Whittaker out to win over reluctant admirers in Russia
The light-heavyweight is ignoring the political turmoil in amateur boxing.
The political turmoil engulfing Olympic boxing seems a world away for Great Britain’s latest hot prospect Ben Whittaker, who is only focused on winning over more reluctant admirers at the World Championships in Russia next month.
Whittaker is one of 13 members of the GB squad picked for the event in Yekaterinburg which will no longer function as a Tokyo qualifying tournament after governing body AIBA were stripped of their status as the sport’s Olympic hosts.
While officials continue to scratch their heads over the replacement qualifying process for the 2020 Games, light-heavyweight Whittaker knows he must leave nothing to chance – and that means turning on the style even more.
The 22-year-old’s fleet-footed, unorthodox approach – which has earned more than a few comparisons to Naseem Hamed – might not go down well with everyone but it did earn him a breakthrough European silver medal in Minsk in June.
Whittaker told PA: “I’ve had occasions when the crowd have hated me because of my showboating and I expect that might happen in Russia, but if the crowd are against me it just spurs me on even more.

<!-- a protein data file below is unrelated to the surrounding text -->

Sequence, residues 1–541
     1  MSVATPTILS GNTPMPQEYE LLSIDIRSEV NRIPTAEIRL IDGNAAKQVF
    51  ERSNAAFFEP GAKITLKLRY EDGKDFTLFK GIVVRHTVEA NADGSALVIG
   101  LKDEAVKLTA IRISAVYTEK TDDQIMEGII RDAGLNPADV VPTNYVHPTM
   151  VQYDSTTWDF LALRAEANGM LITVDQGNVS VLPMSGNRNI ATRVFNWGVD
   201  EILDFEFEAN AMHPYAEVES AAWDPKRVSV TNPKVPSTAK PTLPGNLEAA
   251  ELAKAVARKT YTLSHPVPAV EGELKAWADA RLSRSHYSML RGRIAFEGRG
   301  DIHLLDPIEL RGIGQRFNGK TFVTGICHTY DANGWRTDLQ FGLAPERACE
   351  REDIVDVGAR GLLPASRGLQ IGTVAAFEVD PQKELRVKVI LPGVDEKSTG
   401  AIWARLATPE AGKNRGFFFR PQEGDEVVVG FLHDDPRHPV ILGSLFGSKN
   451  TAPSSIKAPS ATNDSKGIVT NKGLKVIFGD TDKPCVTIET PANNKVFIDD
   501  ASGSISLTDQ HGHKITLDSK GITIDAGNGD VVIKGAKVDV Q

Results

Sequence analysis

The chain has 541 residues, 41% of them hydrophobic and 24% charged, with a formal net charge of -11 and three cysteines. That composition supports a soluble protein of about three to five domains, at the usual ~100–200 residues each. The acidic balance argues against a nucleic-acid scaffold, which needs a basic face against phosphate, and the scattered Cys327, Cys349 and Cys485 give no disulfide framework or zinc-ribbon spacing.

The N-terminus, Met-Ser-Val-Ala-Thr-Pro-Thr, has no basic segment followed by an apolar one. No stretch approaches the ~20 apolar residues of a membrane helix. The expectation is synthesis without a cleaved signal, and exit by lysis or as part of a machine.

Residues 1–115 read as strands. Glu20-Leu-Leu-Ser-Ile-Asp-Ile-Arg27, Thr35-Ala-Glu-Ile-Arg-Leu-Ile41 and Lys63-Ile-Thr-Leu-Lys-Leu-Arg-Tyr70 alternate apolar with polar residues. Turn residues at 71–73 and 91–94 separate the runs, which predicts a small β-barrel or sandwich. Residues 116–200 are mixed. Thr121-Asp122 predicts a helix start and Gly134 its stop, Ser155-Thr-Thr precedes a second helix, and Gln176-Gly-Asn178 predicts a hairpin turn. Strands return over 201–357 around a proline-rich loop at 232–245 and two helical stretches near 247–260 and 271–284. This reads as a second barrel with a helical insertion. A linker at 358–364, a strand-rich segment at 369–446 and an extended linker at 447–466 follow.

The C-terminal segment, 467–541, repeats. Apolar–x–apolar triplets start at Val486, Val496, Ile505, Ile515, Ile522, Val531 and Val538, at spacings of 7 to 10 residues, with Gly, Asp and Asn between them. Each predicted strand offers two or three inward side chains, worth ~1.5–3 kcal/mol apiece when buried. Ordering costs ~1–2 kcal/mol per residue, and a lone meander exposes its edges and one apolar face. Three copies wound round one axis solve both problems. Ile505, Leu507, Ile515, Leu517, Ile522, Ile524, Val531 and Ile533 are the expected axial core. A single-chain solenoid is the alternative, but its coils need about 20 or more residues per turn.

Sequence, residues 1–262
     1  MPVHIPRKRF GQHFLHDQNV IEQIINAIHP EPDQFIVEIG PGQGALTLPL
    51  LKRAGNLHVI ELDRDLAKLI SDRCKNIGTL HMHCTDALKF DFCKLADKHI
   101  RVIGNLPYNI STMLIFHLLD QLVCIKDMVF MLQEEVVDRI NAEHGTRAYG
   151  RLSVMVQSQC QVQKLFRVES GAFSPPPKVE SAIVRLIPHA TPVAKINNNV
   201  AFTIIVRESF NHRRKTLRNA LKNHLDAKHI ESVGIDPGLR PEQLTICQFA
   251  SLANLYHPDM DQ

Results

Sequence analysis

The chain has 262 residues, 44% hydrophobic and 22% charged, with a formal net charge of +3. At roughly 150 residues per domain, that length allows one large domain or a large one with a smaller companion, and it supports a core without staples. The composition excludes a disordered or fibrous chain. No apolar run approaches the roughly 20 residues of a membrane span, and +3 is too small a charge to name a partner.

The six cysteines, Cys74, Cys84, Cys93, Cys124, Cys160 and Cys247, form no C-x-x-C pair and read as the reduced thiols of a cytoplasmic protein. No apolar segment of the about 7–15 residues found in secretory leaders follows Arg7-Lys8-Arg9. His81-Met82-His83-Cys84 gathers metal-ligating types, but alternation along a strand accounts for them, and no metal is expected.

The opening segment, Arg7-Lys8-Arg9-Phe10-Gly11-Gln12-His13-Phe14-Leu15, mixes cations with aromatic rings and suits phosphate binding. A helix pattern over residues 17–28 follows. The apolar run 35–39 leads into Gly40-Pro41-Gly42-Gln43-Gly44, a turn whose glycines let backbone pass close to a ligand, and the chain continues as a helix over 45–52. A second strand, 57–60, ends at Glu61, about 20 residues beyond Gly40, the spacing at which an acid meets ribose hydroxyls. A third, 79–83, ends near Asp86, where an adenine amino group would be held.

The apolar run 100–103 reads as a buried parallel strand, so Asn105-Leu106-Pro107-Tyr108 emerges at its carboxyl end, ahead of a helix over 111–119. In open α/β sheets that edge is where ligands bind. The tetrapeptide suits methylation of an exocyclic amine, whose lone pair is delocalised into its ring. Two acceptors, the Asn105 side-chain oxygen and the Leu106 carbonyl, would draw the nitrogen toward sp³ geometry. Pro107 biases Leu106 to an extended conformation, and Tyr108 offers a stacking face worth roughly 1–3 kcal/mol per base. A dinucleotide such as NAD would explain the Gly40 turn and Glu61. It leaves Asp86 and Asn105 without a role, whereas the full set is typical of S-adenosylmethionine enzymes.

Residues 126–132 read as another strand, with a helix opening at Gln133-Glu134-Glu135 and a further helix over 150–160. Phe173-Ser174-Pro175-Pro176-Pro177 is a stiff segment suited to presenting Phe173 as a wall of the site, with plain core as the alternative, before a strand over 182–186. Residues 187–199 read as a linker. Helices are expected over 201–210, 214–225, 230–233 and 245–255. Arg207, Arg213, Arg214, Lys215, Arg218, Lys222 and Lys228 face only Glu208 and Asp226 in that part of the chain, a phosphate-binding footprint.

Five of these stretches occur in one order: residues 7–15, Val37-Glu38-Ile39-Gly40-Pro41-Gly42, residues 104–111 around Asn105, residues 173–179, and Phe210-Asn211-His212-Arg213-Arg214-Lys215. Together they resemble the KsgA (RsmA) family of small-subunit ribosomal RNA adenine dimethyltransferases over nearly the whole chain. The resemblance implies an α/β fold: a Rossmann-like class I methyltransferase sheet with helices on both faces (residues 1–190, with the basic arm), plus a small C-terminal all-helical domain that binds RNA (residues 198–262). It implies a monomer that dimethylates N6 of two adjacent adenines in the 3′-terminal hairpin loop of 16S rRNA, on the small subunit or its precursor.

“I’ve got a flashy, show-off style and it used to get me in trouble with referees. As I’ve matured, I’ve learned to strike a balance, but I definitely like to stand back and show off when I can.
I've had occasions when the crowd have hated me because of my showboating and I expect that might happen in Russia, but if the crowd are against me it just spurs me on even more. Ben Whittaker
“I’ve always thought amateur boxing is a bit plain. It’s ‘I’ll hit you, then you hit me.’ When I turn professional I’ll be doing this so I thought why not now? I just want to be free to express myself.”
Since his emergence in the 81kg division Whittaker has won a series of gold medals but it was his silver in Minsk – after a bizarre, stand-offish defeat to Azerbaijan’s Loren Alfonso – which may ultimately prove to be most significant.
“Everyone usually just runs at me and I love it, but my opponent tried to box me and it was a bit weird,” added Whittaker.
“But I needed that because it is the perfect time to study that kind of style before Tokyo.
“It was disappointing when I heard this was not going to be an Olympic qualifier but you just have to get on with it. This gives me the chance to see the other boxers from around the world, and prepare for Tokyo.”
The 13-strong squad also includes the likes of Burton super-heavyweight Frazer Clarke, who is looking to bounce back from his first-round loss in the Belarusian capital, and the McCormack twins, Pat and Luke.